I don’t know about you, but, whenever I hear someone talking about multi-grain bread, I think of the Dead Duck scene in the movie About a Boy. Young Marcus (the boy) has been given a home made multigrain loaf so dense and stale that he gives up trying to tare it up in order to feed the birds, that he heaves the whole loaf into the pond, accidentally killing a duck. Whether this resonates with you or not, we’ve all encountered those leaden offerings so dry and gritty that even a thick slathering with butter can’t lubricate it enough to swallow.
While still being a lean dough, this bread is predominantly made from bread flour with the additions of a multigrain soaker and a proportion of whole wheat flour. Unlike many loaves of its ilk, it is a pleasure to eat toasted or in the right sandwich.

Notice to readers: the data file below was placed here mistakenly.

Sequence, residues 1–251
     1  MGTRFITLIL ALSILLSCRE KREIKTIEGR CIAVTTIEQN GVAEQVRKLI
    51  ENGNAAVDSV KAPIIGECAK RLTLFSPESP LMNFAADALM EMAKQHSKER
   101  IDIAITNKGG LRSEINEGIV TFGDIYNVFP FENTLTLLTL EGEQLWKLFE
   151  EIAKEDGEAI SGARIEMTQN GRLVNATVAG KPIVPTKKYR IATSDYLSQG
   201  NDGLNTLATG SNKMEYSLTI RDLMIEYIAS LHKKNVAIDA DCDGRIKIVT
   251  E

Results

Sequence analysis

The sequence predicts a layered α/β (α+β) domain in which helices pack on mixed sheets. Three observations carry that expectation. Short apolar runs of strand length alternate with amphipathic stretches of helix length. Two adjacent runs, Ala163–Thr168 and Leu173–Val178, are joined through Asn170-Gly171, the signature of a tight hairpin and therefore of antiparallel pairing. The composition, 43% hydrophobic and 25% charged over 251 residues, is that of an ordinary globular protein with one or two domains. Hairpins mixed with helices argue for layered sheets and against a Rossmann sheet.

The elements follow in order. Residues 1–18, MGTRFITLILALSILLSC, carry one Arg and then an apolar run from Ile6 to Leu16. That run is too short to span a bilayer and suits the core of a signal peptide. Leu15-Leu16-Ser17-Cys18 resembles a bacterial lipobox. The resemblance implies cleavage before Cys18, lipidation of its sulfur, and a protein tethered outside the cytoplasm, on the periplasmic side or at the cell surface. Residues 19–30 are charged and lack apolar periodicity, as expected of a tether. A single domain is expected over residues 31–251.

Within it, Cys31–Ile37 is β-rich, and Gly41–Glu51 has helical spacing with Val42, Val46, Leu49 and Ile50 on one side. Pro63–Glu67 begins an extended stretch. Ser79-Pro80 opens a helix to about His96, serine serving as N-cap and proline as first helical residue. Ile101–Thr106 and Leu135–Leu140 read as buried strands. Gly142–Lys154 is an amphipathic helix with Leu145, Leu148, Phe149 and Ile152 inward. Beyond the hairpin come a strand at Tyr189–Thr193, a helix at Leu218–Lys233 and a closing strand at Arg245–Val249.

Whether your mixing by hand or by machine, it will take additional time to develop a good gluten structure in the dough. Bran, no matter how finely ground, tends to cut through gluten strands, and the soaked grains compound the issue. It is, absolutely possible, but will require a little more effort than a standard “patent” flour dough. If you haven’t built up much endurance for kneading by hand I recommend making the dough in a stand mixer fitted with a dough hook. It will still take 8 – 10 minutes to sufficiently work to the dough to develop the gluten.
I did not pursue this step in this recipe, but an autolysis stage may help to reduce the kneading time. My recommendation, and what I am planning to attempt the next time I make this recipe, is to mix the final dough roughly, and then allowing it to sit to fully hydrate and begin forming a gluten structure. About 30 minutes should do the trick, before you begin to work the dough.
*A traditional autolyse method would have you withhold the yeast and salt until after the resting and hydration stage. This dough already has a soaker component and a pâte fermentée so both yeast and salt are already present, and the small additional amounts applied before the autolysis stage won’t harm gluten development.
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